The way to accomplish this is to get an offer. Then, once the company has committed to you with this offer, you are in the “catbird’s seat”. Up until the offer, you were one of many candidates. Therefore, you played ball and did your best in the interviewing process. Once you have a written offer in hand, it is now your turn to ask the probing questions, meet more people, visit a couple of company offices or whatever you need to do to convince yourself that this is the right place and job for you.
Then, meet with the hiring manager (not anyone else) and have an adult conversation regarding whether this offer is best for you and them, and discuss how you see revising it to better serve both parties.
In most cases, you will focus on the specific position in question and negotiate a better offer. They want you; this is the best time to ensure you get what you think you need to be properly rewarded and motivated to do your best for them. It is also the last chance you will get for a long time to realize your key demands and needs.
In a lot of cases, the job they offered is not quite right for you. This is the time to ask if they can revise the position or identify another role in the company more in sync with you and your goals. One of my clients recently convinced a financial services firm to combine two open marketing positions which resulted in a VP title and more money.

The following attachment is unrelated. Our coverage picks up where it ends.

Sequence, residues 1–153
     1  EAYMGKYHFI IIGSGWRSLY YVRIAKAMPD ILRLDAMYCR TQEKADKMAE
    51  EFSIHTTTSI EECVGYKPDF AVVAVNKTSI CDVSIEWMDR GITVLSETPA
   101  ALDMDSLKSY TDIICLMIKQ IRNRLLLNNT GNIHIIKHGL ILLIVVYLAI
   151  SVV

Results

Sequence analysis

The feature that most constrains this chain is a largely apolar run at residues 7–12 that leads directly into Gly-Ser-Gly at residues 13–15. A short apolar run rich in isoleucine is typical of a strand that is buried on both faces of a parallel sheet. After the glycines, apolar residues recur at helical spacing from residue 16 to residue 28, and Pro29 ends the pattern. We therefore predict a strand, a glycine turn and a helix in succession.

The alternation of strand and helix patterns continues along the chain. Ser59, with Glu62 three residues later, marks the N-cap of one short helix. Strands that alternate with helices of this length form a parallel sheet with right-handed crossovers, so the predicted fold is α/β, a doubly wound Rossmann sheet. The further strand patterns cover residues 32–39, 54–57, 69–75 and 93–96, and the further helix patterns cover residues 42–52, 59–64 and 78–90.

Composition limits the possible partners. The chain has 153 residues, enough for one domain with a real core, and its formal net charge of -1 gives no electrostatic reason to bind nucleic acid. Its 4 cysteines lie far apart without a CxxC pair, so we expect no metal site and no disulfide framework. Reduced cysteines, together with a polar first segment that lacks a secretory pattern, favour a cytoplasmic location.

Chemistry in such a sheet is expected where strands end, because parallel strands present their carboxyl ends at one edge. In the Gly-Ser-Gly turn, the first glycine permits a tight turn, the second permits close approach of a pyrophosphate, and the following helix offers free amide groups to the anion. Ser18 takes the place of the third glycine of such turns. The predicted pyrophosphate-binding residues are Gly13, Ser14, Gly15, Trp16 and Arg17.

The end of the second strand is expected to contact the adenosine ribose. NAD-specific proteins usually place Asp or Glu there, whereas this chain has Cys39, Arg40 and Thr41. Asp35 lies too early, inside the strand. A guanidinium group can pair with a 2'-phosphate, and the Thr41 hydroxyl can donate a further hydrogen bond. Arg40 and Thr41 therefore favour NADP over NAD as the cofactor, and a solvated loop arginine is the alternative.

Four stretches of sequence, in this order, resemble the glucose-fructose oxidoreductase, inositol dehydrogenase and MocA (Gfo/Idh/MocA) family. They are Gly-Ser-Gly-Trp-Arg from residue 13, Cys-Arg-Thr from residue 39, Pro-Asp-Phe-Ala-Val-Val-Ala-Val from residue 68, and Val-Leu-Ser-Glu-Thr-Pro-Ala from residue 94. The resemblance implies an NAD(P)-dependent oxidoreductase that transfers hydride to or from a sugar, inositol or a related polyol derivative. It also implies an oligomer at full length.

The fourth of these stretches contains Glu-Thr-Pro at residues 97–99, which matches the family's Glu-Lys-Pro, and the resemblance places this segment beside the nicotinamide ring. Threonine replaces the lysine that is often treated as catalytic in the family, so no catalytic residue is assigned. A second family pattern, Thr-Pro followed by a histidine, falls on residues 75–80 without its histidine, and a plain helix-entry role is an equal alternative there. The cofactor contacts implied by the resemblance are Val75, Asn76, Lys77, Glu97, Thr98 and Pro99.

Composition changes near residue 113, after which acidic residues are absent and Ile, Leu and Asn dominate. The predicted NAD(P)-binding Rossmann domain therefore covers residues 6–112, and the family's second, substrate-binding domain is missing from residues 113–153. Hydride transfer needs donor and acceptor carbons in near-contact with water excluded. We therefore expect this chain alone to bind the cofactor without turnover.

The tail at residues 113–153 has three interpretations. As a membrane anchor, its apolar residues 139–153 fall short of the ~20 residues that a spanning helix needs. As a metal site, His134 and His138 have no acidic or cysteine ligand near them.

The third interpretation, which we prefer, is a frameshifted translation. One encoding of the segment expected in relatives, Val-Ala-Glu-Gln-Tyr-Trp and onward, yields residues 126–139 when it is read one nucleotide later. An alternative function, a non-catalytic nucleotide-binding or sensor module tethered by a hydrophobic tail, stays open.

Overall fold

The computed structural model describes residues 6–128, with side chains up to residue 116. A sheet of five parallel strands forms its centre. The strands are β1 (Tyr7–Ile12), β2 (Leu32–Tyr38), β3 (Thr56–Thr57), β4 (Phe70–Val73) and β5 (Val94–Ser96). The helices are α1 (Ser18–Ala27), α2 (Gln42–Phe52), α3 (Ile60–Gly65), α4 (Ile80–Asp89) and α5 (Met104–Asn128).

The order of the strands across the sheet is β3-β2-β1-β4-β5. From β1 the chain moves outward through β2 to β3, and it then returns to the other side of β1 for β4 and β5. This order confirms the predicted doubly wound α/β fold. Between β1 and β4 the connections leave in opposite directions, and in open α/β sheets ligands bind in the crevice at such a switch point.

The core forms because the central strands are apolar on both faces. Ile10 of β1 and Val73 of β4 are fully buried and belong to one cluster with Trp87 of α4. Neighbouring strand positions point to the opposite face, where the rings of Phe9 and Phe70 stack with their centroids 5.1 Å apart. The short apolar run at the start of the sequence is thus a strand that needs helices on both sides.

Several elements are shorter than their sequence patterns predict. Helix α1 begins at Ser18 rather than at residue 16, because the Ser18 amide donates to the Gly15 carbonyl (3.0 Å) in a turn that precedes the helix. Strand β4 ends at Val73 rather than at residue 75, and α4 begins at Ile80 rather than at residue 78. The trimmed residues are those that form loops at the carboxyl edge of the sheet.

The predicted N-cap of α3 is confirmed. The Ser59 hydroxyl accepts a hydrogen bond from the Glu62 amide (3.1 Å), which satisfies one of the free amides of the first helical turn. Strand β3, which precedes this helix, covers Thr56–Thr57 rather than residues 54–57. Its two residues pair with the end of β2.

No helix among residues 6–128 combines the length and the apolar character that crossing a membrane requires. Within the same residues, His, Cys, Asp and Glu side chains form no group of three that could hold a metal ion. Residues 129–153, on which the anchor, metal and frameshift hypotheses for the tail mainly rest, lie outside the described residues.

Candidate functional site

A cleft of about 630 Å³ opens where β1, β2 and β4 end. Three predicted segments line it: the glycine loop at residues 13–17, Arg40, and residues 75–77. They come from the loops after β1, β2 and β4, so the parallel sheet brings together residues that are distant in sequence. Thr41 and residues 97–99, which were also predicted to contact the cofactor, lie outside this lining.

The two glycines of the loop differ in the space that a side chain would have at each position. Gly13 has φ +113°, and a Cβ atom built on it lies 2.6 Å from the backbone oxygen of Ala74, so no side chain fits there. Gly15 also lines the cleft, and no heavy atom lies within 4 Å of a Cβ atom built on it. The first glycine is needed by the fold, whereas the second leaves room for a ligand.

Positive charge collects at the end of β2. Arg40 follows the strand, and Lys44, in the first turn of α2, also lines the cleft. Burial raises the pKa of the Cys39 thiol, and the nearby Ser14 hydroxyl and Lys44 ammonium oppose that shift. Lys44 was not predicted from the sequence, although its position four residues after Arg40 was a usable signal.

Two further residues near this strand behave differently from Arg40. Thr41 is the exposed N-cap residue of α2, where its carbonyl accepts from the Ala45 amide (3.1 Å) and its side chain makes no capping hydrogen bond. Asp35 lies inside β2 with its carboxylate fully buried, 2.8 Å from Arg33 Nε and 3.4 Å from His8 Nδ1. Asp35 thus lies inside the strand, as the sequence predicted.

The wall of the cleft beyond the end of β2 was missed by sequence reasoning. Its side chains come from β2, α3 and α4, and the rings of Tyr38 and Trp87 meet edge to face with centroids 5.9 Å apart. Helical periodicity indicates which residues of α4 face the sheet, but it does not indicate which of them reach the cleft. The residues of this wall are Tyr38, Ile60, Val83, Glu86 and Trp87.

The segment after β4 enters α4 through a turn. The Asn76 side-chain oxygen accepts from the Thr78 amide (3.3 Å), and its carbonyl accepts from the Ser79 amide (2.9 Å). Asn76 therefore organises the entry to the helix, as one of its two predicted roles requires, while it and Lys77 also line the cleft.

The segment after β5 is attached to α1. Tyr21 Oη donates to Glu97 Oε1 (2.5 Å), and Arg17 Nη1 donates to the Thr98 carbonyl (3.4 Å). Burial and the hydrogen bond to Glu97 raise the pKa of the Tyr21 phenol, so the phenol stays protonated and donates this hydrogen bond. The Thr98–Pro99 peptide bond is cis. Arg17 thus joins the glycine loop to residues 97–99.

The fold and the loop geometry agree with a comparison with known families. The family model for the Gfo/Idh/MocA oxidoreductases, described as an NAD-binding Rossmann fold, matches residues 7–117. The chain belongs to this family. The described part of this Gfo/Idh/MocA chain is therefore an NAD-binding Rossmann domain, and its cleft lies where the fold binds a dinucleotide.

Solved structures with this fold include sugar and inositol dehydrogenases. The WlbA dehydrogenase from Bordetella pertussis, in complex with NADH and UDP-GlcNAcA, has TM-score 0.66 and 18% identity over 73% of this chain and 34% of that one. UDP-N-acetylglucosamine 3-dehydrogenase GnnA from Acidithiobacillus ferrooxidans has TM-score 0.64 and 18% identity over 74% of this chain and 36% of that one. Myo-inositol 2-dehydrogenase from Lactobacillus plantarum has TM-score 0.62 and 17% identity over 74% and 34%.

Yes, this requires some courage and finesse. But, remember, with a firm offer, they have said “we want you to join the company”. It is now up to you to ensure that you will be doing “the right work for you”, not just filling a position on an org. chart.
So focus on getting an offer, and then focus on shaping the actual job to best fit your talents and needs as well as being responsive to the company’s requirements.

Thursday, June 9, 2011

America's Cup as a Career Template

The “America’s Cup” as a Career Template

In just over two years, the US will host the 34th America's Cup on San Francisco Bay. This world-class event brings the fierce competition for the oldest trophy in international sport back to the United States for the first time in 18 years. The rivalry between the top-notch crews has already begun with extensive preparations among the contenders in full swing. Every aspect of each crew’s preparedness will be thoroughly examined, improved, refined and finely-honed into an unmatched contender for the Cup.